OPPOSITION Senator Wade Mark has described Finance Minister Colm Imbert's prediction of economic growth as "PNM fantasy economics."
"After some five years of negative economic growth the TT economy is in extreme and grave trouble under this outgoing Rowley-led administration."
He was contributing to debate on The Finance (Supplementary Appropriation) (Financial Year 2020) Bill in the Senate Monday.
Mark said that the lives and livelihood of people and the economy was at a crossroads and the country is heading for a virtual meltdown under this "inept and incompetent administration." He added that no amount of deception of reality, manipulation of numbers and figures, or misinformation will absolve the outgoing regime. He added that there has been five years of total mismanagement, waste, misappropriation, misallocation and corruption.
He described Imbert's mid-year budget review Friday as a "false and confusing narrative" that did not square with the disturbing reality facing the country. He questioned whether under-budgeting was to hide the real deficit, the mounting debt explosion, overdrawing of the Exchequer Account.
He also commented on the "fake news narrative" of covid19 management and said Government has been boasting about the praise for their covid19 response from Oxford University and The Economist publications. He said, however, that a recent country ranking from Forbes debunked that narrative, ranking TT as 168 out of 200 countries; Newsday could not confirm that information up to news time.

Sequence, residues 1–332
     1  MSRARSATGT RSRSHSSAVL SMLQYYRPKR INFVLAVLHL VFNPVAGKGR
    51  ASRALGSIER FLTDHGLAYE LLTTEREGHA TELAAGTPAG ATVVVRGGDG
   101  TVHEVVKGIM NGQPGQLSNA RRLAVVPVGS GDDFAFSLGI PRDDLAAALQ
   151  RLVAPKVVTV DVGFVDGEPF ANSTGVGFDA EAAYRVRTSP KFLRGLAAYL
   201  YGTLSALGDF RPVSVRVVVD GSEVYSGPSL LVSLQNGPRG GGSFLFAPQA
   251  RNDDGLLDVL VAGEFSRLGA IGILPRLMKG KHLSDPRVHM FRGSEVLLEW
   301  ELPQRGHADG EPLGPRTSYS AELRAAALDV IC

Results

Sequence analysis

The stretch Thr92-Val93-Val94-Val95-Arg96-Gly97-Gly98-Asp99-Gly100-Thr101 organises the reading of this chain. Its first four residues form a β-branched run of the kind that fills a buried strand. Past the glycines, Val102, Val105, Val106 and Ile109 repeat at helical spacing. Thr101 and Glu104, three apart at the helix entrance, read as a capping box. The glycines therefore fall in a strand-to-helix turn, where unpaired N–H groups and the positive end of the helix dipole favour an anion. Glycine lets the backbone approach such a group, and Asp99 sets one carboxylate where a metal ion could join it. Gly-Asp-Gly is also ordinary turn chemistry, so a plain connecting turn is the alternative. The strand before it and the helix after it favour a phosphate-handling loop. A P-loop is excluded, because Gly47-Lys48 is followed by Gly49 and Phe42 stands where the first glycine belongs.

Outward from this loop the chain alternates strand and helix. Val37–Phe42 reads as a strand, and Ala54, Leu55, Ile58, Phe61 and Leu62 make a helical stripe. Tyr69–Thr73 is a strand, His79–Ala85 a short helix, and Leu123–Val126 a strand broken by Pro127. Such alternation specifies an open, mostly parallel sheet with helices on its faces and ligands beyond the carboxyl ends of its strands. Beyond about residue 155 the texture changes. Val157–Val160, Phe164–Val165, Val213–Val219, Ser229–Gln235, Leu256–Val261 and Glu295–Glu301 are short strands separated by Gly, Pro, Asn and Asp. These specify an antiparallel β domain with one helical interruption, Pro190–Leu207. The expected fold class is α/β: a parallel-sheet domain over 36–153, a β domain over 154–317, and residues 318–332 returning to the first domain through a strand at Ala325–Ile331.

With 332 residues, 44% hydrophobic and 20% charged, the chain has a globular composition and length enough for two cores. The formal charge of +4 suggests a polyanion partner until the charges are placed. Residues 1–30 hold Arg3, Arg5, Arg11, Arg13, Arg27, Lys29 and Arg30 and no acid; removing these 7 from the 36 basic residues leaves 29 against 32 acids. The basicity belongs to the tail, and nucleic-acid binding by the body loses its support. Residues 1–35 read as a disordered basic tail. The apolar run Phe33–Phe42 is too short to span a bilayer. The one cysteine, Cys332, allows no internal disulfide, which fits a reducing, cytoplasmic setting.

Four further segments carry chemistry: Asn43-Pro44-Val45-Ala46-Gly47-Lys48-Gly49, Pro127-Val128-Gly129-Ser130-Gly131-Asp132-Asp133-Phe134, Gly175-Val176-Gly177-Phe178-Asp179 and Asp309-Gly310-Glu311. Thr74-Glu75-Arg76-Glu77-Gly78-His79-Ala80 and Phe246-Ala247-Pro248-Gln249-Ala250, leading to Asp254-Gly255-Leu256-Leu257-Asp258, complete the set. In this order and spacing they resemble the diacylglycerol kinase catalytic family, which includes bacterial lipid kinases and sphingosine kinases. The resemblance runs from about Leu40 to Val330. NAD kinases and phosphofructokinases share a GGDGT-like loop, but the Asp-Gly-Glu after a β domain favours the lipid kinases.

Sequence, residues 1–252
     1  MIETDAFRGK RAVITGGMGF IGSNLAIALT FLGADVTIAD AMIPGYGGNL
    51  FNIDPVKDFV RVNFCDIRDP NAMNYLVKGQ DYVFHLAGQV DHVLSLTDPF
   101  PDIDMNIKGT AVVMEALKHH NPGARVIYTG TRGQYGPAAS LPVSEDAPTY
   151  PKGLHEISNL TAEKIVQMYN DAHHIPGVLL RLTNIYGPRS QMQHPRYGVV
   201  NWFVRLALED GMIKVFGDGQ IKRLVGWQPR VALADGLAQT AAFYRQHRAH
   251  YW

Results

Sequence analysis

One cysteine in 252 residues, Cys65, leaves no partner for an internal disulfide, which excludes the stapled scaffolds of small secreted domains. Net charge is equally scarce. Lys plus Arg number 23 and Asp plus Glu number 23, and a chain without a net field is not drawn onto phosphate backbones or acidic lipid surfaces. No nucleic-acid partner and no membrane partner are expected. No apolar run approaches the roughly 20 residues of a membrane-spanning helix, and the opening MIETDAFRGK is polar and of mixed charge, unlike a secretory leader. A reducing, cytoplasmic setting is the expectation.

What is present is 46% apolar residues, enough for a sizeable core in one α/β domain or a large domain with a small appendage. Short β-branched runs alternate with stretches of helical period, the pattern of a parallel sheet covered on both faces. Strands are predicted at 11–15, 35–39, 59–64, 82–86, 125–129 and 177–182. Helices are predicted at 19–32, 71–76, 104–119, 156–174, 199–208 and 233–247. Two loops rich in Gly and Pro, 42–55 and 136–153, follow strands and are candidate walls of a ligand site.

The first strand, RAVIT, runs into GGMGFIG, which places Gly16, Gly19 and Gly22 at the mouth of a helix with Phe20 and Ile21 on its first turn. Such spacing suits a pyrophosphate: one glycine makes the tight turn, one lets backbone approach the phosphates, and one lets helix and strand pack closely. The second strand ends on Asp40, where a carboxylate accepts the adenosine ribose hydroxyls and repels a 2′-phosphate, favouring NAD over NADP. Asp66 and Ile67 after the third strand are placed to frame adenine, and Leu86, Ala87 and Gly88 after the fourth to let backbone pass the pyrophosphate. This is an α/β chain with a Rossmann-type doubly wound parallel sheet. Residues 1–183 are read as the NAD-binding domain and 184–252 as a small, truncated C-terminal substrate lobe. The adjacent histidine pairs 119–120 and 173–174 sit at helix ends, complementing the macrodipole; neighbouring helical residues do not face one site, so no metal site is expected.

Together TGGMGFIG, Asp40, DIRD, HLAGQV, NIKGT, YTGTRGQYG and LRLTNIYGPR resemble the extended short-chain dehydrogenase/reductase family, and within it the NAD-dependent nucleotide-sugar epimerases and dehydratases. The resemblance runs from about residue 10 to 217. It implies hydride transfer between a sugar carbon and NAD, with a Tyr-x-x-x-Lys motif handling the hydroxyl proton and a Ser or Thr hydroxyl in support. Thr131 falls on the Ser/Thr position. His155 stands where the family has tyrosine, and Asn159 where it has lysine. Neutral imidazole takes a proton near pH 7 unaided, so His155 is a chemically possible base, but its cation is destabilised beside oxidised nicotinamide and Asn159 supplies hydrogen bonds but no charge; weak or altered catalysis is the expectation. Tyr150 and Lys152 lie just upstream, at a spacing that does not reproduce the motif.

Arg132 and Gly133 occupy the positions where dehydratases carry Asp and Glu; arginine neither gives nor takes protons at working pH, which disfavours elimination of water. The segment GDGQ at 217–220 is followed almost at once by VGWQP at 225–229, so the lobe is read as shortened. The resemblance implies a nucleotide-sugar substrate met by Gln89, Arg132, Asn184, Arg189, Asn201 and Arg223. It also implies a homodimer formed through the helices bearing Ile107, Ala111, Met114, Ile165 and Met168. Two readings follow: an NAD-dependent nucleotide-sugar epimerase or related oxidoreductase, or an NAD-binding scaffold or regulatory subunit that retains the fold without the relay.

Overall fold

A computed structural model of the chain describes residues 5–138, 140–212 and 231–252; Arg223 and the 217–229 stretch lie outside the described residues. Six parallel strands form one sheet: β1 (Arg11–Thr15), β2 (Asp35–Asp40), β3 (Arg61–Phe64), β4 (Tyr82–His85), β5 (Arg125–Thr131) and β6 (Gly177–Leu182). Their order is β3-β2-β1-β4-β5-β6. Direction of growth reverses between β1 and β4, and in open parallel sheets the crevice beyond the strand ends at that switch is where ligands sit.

Mark said the Finance Minister was projecting a decline of a mere 2.4 per cent and growth is expected to be increased by 4.7 per cent sometime in 2021.
"This is what is called PNM fantasy economics".
He said this administration has not gotten it right in any of its growth forecasts including in 2016 when Government predicted growth rate of close to two per cent but the reality was minus 6.3 per cent.
Mark cited the Auditor General's report for April 29, 2020 and said the picture painted was "very shocking" and this information was not being provided by the Finance Minister. He reported that Central Government debt (domestic, external and BOLT projects) stood at $75.2 billion and contingency liabilities were another $124 billion, which when added together was close to $200 billion in debt.
"Somebody is not squaring off with the population of this country."
He also pointed out that in the bill there is a "mysterious loan" of $500 million at a fixed rate of 4.5 per cent under the Office of the Prime Minister (OPM). On this loan $11.2 million in interest payments were made.
"I don't know what it is for. Why is this loan under the OPM in the first instance and not the Ministry of Finance?"
He also questioned why there were interest payments on loans in supplementary appropriation, including for Udecott and the Arima Hospital, when this should have been in the budget.
"How come the meticulous and astute Minister of Finance is now realising the servicing of these loans is now due?"
He questioned whether it was incompetence, mismanagement or was designed to make the original budget deficit smaller. He said the country was sitting on a "debt bomb" which could "explode" in the future and bring major destruction.
He said a lesson from the covid19 pandemic was for people to practice "political social distancing" from the PNM as the country gets closer to the general election.